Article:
He notes: "All rewards, by virtue of being rewards, are not attempts to influence or persuade or solve problems, but simply to control" (Kohn, 1993: 27), concluding that three key planks of behavioural safety - rewards, performance surveillance and evaluation - "do not make deep, lasting changes because they are aimed at affecting only what we do (Kohn, 1993: 79-80).

Kohn reminds us that BF Skinner, cited in the CRR and one of the original and most influential of the behaviourists, could be described "as a man who conducted most of his experiments on rodents and pigeons, and wrote most of his books about people."

What they measure

It is possible to find in the CRR report numerous references to successful behavioural safety schemes. There are two factors that should be borne in mind when considering these claims.

Firstly, many of the key references, including at least two earlier HSE CRRs on behavioural safety, are co-authored by consultants providing behavioural safety services on a commercial basis. While this might not be damning evidence of itself, it is something that is rarely made apparent in the publication credits, something that could lead to bias, and is certainly something that codes of ethics would require declared in medical journals.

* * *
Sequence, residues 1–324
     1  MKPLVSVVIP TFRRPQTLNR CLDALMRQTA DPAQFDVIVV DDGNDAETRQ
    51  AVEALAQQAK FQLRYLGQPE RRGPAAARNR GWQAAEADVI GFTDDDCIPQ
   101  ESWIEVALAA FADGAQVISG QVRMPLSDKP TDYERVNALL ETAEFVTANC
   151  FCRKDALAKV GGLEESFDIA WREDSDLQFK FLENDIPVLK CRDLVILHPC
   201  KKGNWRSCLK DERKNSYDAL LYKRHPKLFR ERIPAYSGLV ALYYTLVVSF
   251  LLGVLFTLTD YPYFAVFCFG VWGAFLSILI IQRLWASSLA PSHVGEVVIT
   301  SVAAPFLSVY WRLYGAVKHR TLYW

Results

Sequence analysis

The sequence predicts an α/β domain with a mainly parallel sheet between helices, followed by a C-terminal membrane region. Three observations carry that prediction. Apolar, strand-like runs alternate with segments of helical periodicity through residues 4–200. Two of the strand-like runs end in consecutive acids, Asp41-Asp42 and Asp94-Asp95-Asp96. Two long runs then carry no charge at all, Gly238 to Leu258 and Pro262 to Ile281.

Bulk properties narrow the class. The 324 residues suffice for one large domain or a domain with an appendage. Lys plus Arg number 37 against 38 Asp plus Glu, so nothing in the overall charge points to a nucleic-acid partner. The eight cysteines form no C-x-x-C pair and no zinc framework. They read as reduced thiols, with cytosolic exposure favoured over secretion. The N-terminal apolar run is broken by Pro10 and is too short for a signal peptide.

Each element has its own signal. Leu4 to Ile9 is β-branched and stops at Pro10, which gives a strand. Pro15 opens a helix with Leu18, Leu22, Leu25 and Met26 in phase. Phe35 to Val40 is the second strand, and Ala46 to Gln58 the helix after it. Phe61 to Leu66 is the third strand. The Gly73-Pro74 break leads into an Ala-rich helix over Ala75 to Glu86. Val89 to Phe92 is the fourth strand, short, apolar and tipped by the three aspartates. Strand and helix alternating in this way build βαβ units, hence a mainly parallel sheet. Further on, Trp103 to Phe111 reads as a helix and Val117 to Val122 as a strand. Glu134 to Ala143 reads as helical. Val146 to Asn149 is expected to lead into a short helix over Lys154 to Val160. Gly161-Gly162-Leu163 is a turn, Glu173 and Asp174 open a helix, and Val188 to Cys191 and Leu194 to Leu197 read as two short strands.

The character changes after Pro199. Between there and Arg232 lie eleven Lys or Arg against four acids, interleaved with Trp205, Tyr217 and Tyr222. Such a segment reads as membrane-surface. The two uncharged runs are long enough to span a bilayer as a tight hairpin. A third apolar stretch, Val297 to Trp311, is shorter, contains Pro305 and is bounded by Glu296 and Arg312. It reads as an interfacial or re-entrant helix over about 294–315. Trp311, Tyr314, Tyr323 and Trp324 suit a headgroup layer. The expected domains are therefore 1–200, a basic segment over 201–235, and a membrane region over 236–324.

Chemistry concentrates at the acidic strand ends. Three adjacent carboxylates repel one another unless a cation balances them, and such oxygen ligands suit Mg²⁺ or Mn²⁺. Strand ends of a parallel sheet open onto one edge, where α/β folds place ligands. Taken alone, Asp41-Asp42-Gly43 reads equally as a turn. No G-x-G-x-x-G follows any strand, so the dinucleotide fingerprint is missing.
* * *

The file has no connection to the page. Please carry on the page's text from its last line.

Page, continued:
The second factor is more concrete. The standard measure of success of a behavioural safety scheme is increased "safe behaviours" observed, and/or a reduction of the reported injury rate. Injury rates can go down when workplace health and safety conditions improve. But they can also decline when workers are pushed and coaxed and cajoled to work very, very carefully (using "safe behaviours") around hazards that shouldn't be there in the first place.

More importantly, injury rates are also reduced when workers do not report their symptoms, injuries and illnesses.

A 1999 policy resolution from AFL-CIO, the 13 million strong US union federation, notes: "These programmes and policies have a chilling effect on workers' reporting of symptoms, injuries and illnesses." It adds that this "can leave workers' health and safety problems untreated and underlying hazards uncorrected" (Hazards, no.79, 2002).

Professors Theo Nichols and Eric Tucker identify similar concerns about behavioural safety management in the UK and Canada, citing examples where injury figures had been suppressed - not reduced - in the UK mining and steel industries.

They express particular concern "about the tendency of OHS systems to ignore trade unions; about the tendency for firms which adopt such systems to focus on worker behaviour as the primary cause of accidents; about a tendency towards the suppression of injury reporting and the shortening of recuperative time, prompted by some of the reward structures that characterise such systems; and about the extent to which these systems have become actively promoted commercial products" (Nichols and Tucker, 1998).

Never mind the hazards